A vascular leak syndrome leading to hypoalbuminemia, hypotension or edema has been reported in ∼25% of patients, usually within the first 2 weeks of treatment. Most of these patients were retreated without further symptoms. Approximately two-thirds of patients developed evidence of hypersensitivity reactions (e.g., chest pain, hypotension, angioedema, pruritus, and rash) within 1 hr of treatment. In hopes of ameliorating these symptoms, premedication with corticosteroids was performed in 15 patients that were subsequently reported . With premedication, only three patients experienced hypersensitivity reactions, while two patients developed vascular leak syndrome. Furthermore, an impressive response rate of 60% was reported. Given these toxicities, the infusion of normal saline (e.g., 500 cc) before and after Dd administration and correction of underlying hypoalbuminemia (<3 g/dL) before treatment is recommended. Dexamethasone premedication (e.g., 2–4 mg intravenously) is routinely provided, and patients instructed to monitor daily weights following treatment. Weight gain and edema are managed with diuretics. Routine monitoring of liver function tests, serum creatinine and albumin is recommended. Of note, Dd should not be administered in a facility ill equipped to provide cardiopulmonary resuscitation. Severe and persistent transaminitis, thyrotoxicosis, loss of visual acuity or color vision, and rhabdomyolysis have been reported but are uncommon [240, 246–248]. Investigations combining Dd with conventional chemotherapeutic agents are ongoing.
Histone deacetylases (HDACs) catalyze the removal of acetyl groups from both histone and nonhistone proteins. As histone acetylation is associated with an open chromatin configuration associated with active gene transcription, HDACs contribute to histone deacetylation and the epigenetic repression of gene transcription. The 18 human HDACs may be classified as either zinc- or NAD+-dependent and further subclassified into class I (HDAC1, 2, 3, and 8), class II (HDAC4, 5, 6, 7, 9, and 10), class III (including NAD+-dependent sirtuins), and class IV (HDAC11) HDACs. As HDACs regulate a wide variety of processes involved in carcinogenesis, multiple mechanisms may explain the clinical activity of HDAC inhibitors [249, 250], including altered gene expression of cell-cycle and apoptotic regulatory proteins [251–255], acetylation of nonhistone proteins regulating cell growth and survival [256–259], angiogenesis [260, 261], aggresome formation , and DNA repair . In addition, HDAC inhibitors may have important effects on the tumor microenvironment via reactive oxygen species [264, 265], enhanced antigen presentation  and downregulation of immunomodulatory cytokines, like IL-10 .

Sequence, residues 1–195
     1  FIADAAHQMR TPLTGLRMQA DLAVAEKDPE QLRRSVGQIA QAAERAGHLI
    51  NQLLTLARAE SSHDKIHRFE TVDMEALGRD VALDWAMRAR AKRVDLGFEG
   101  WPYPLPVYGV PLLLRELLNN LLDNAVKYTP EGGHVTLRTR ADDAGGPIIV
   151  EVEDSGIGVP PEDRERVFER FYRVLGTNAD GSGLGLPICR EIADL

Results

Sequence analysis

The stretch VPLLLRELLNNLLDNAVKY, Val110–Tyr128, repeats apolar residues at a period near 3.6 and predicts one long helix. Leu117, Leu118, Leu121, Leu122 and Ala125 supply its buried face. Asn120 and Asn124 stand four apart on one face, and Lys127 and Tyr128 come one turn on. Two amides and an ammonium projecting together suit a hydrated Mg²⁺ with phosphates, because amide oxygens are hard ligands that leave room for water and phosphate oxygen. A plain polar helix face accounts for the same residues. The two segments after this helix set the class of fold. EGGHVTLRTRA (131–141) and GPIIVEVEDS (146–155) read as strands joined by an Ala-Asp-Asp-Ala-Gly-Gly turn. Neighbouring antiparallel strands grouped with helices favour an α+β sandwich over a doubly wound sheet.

Vorinostat (suberoylanilide hydroxamic acid, SAHA) and romidepsin (depsipeptide) inhibit class I and II HDACs (i.e., pan-HDAC inhibitors), the former being widely expressed in various lymphoma subtypes . Early phase I studies of both vorinostat and romidepsin established their safety and potential efficacy in lymphoproliferative disorders, including CTCL , thus paving the way for larger phase II studies. An earlier phase II study established 400 mg of oral vorinostat once daily as the optimal dose that was investigated further in 74 previously treated patients with CTCL, most of whom (>80%) had advanced-stage disease [270, 271]. The overall response rate was ∼30% for patients with advanced-stage disease and was associated with a median duration of response estimated to exceed 185 days. Most responses were rapid (i.e., <2 months) and were also noted in patients with tumor-stage disease and Sézary syndrome . Patients who failed to achieve an objective response appeared to derive some clinical benefit, including stable disease, decreased lymphadenopathy and pruritis relief, with treatment. The most common nonhematologic adverse events, observed in almost 50% of patients, were gastrointestinal toxicities (nausea, vomiting, and diarrhea). Hematologic toxicities, including anemia or thrombocytopenia, were observed in up to 20% of patients. Among responding patients, long-term therapy with vorinostat appears to be well tolerated . Prolongation of the QT interval was rarely observed, but monitoring and appropriate electrolyte replacement is recommended for those patients at risk for QT prolongation.
Romidepsin, administered as a 4-hr intravenous infusion (14 mg/m2) days 1, 8, and 15 every 4 weeks, was evaluated in two phase II studies, the largest of which included 96 patients, most with advanced-stage disease [274, 275]. The overall response rate was 38% for patients with advanced-stage disease, with a median duration of response that exceeded 1 year. A toxicity profile similar to that described for vorinostat was observed. Intensive cardiac monitoring in a subset of these patients failed to demonstrate any clinically significant cardiotoxicity .
Additional HDAC inhibitors, including potent pan-HDAC inhibitors, appear to have activity in CTCL [255, 277, 278]. Further studies are needed to fully define the mechanisms of resistance to HDAC inhibition in CTCL [255, 279–282], enabling the development of rational therapeutic combinations incorporating HDAC inhibitors in CTCL [283, 284].